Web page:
You want to play tight man coverage against Tyreek Hill? Good luck, he’ll kill you. You want to try and press Travis Kelce with just anybody? Good luck, he’ll kill you. The way you beat these guys is with zone coverage.

Tyreek Hill

Here are Hill’s route charts from the last few games:

Hill vs Raiders (Week 17)

Hill vs Chargers (Week 16)

Hill vs Ravens (Week 14)

With Tyreek Hill, you need to keep a lid on him. Doubling him over the top is important to limiting his production. He gets targeted at least twice each game on deep passes (more than 35-40 yards down the field). If he catches one of those deep passes, it’s most likely going to be a touchdown. Assuming Malik Hooker plays (he is questionable), his play and his role will be crucial in shutting down Hill. This type of coverage is called an over/under bracket coverage.

The over/under bracket coverage essentially sandwiches the receiver with a defender over the top (usually a safety) and a defender underneath (usually the cornerback that lines up against him). Since Hill is a home run deep threat with burners, he cannot get deeper than the deepest man so it’s important to keep someone over the top of him.

The Chargers did a fantastic job of not letting Hill get open down the field thanks to double teams. With Hill being the primary deep threat on the team, taking him away will force Mahomes to throw a lot more underneath.

Travis Kelce

Kelce is arguably the best tight end in the NFL. He’s has a great catch radius, he runs very good routes and he’s extremely tough to bring down. He’s been a nightmare for NFL defenses over the past three seasons.

Here are his route charts over the past few games:

Kelce vs Raiders (Week 17)

Kelce vs Chargers (Week 15)

Kelce vs Ravens (Week 14)

Kelce loves to run a lot of crossing routes, because crossing routes are the best to combat man coverage and Kelce goes up against a lot of man coverage. The reason he goes up against a lot of man coverage is because he eats up zone coverage. There’s a reason he has at least 5 catches in every game (except Week 1) and has an impact on almost every game he plays in.

The best way to combat Kelce is to use the same type of bracket coverage the Colts should use on Hill: Over/Under. The Colts need to sandwich Kelce or trust Darius Leonard on him. If they were to sandwich him, that would take him away, but it would leave the Colts less protected in other areas, especially if they’re doubling Tyreek Hill as well. So, while they’ll need to double him at times, playing Darius Leonard in man coverage with an inside release might be the most effective for a lot of the game. To help Leonard, the Colts can use their defensive end to help “chip” Kelce off the line of scrimmage, which should disrupt the timing of his route.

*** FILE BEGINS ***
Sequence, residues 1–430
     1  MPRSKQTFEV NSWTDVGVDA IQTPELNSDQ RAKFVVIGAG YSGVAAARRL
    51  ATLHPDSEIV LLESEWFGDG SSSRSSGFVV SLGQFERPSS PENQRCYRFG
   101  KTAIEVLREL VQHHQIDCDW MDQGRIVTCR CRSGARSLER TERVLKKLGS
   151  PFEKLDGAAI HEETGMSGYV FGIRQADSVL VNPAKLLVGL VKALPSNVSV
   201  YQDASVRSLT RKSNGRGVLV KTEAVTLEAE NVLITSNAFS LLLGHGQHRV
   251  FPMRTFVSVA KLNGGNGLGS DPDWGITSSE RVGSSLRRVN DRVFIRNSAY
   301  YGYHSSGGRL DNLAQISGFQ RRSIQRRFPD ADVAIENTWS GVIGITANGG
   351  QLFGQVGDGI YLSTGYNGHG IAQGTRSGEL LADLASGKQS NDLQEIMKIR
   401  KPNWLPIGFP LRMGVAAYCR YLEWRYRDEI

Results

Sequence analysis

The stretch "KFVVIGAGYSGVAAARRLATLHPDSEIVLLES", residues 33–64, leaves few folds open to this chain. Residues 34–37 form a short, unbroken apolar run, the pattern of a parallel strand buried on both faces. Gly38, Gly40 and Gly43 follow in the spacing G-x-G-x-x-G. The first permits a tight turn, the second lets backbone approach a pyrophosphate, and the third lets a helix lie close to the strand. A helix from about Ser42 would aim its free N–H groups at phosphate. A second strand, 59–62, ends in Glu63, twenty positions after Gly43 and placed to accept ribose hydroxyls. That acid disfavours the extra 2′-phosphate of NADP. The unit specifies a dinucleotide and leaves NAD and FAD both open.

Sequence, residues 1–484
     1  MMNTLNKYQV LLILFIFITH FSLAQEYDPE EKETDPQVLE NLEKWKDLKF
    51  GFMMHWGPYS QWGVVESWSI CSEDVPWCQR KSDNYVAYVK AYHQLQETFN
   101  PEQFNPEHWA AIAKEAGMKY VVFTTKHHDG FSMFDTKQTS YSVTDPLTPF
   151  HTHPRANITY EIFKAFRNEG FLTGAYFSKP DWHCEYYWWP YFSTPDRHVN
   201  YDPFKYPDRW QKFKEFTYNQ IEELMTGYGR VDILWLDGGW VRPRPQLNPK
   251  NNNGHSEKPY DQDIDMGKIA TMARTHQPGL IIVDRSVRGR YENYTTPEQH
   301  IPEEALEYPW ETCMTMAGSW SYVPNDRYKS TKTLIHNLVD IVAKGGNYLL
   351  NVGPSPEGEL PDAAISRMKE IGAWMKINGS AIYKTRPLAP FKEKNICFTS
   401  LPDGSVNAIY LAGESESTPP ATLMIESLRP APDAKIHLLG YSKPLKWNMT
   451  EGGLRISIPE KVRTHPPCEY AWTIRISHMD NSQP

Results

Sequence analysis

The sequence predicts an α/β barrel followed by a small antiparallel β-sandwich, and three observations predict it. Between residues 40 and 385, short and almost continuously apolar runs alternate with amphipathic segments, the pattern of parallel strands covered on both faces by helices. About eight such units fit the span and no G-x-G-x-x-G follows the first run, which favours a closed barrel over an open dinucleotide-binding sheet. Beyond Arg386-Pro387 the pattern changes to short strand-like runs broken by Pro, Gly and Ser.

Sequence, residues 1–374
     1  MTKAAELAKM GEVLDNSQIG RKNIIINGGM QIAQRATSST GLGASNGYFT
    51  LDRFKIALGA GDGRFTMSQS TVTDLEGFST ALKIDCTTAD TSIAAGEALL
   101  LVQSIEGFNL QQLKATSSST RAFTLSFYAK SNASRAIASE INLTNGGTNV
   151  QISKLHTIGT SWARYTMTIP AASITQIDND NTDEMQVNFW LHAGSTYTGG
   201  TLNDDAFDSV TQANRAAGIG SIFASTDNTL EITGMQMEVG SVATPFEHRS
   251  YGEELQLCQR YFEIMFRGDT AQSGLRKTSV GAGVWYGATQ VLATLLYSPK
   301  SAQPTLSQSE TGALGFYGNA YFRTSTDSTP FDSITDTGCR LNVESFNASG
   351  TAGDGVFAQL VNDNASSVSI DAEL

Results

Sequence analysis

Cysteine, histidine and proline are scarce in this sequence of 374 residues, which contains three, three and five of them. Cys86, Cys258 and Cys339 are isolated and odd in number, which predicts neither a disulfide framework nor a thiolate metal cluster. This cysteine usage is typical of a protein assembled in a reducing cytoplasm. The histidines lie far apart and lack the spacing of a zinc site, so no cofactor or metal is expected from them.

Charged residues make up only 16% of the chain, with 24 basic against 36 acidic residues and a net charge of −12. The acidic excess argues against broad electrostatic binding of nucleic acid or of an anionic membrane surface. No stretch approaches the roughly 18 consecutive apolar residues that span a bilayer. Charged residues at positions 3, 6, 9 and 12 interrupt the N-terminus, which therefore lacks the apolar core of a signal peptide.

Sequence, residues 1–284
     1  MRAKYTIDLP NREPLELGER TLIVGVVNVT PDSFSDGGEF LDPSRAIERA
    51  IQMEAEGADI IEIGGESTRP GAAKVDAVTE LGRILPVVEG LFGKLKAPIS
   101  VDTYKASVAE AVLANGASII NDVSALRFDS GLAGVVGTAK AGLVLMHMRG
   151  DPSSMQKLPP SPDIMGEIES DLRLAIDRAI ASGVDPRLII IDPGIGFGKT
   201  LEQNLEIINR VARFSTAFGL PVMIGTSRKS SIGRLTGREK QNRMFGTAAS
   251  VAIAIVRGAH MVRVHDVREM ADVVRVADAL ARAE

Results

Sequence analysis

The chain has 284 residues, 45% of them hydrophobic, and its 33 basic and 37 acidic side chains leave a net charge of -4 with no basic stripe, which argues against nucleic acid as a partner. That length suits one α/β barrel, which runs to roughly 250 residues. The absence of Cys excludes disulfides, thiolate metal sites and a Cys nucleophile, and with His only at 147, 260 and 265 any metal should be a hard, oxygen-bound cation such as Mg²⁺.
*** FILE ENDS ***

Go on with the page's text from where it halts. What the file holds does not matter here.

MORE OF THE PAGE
So while bracket coverage will be needed at times with Kelce, man coverage should be used just as much if not more to help limit his production.

Taking Away Damien Williams & the Screen Game

Damien Williams was the most underrated running back in the NFL in the month of December. In his three games as a starter, he’s averaged 107 yards from scrimmage on 16 touches. Considering the Chiefs ran 167 plays in their last 3 games, Williams was used on as the ball carrier or receiver on 28.7% of plays. While not a significant figure, it’s significant enough that he needs to be accounted for.

The Chiefs are the best team at utilizing screens. Andy Reid must have at least 8-10 screens in his repertoire and he uses a lot of them.

Below is a running chart of Williams’ past two games.

Williams vs Raiders (Week 17)

Williams vs Chargers (Week 15)

Many of Williams’ big runs have come on outside runs (stretches and tosses primarily), so containing the edge is important to stopping him in the running game. Force him to run inside and to consistently beat Leonard and Walker 1 on 1.

In terms of stopping screen passes, the key is to read the offensive line because the offensive tackles usually give it away and to not get too overly aggressive and blitz too often. The Chiefs have gotten some huge plays from their screen passes all season, so stopping that part of their offense will force them to be more creative. The linebackers need to be smart and read the backfield on passing plays, because the Chiefs will most likely call at least 3-4 screen passes throughout the course of the game.